Scam calls and emails are a part of the status quo. Whether it be about your extended car warranty or a rich prince that needs you to pay transfer fees for “free money”, these hustlers are always inventing new stories and ways to manipulate people into giving away personal information, cash, or other information which may compromise your identity.
Recently, the Claiborne County Sheriff Department addressed the public of the concerns of scam calls.
While it may seem like common sense to some, scammers such as these tend to steal a vast amount of money from people each year. According to scamspotter.org, these con-artists are expected to steal over $2 billion from victims this year.
Spotting the signs of a scam is an important lesson to learn. One which everyone can benefit from. Scamspotter deploy three basic steps to help spot these scams and protect people’s assets:
- “Slow it down” – Those attempting to scam an unsuspecting victim will often create a sense of urgency to resolve whatever story they present. Whether it be to pay taxes to the IRS with a Target gift card or pay non-existent jail fines with an Amazon gift card, they will do their best to try and rush their victim to do as they ask. Scamspotter recommends time is taken to ask questions and avoid being rushed.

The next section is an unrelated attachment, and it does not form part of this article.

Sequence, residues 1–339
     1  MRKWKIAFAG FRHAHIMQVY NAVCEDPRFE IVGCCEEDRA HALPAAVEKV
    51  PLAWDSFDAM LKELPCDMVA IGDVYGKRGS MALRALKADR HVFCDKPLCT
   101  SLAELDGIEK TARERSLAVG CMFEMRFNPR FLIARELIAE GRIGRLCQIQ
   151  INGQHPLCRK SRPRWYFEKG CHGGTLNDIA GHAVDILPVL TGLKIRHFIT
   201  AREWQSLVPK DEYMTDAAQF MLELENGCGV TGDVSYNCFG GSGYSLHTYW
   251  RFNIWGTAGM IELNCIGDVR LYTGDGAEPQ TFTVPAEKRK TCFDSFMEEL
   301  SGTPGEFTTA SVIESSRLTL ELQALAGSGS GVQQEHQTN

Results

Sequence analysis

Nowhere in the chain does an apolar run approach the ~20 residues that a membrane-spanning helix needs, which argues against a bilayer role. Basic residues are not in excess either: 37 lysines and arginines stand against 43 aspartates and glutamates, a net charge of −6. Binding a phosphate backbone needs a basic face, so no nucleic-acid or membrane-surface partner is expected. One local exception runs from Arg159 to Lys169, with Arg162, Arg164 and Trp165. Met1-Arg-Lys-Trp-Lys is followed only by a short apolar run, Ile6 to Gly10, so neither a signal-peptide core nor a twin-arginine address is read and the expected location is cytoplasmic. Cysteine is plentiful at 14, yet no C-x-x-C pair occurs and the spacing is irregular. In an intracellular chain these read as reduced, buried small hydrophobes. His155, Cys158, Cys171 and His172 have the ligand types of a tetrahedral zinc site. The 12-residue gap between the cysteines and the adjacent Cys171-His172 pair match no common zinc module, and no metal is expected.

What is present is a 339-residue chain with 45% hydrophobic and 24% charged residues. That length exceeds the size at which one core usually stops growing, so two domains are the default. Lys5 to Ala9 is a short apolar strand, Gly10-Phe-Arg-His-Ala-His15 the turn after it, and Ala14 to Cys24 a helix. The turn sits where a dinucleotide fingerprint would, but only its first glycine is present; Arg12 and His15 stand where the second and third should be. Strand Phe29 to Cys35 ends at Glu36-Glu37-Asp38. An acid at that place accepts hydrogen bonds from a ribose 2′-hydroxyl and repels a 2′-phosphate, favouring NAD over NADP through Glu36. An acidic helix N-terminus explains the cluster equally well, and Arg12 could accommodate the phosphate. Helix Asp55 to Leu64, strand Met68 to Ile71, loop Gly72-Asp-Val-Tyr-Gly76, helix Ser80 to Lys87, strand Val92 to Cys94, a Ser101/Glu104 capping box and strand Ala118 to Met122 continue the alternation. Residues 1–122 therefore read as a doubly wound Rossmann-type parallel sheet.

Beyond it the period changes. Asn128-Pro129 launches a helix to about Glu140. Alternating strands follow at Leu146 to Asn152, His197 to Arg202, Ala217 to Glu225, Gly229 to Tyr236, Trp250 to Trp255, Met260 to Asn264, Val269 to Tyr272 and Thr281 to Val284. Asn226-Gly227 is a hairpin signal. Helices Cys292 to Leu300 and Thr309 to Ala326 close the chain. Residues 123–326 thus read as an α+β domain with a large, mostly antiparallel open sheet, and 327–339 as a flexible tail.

- “Spot check” – Sometimes spotting the scam is as easy as looking up the name of the business on google and visiting their website. If someone in this situation is concerned the phone call may be valid, it’s advisable to contact them directly from a phone number provided on their website, and not indulge the person on the phone who initiated the call.
- “Stop! Don’t send” – As scamspotter points out, no reputable entity will demand immediate payment. Often, these hustlers will demand a gift card and may even threaten with jail time if the victim does not comply. If one owes a fine or the IRS, it is best to be the one to initiate contact with these entities to resolve any financial obligation.
Please stay aware and educated on the tactics used by these phony representatives. The Federal Trade Commission has resources to help identify and avoid phishing attacks, as well as methods of reporting such activity.See a typo? Report it here.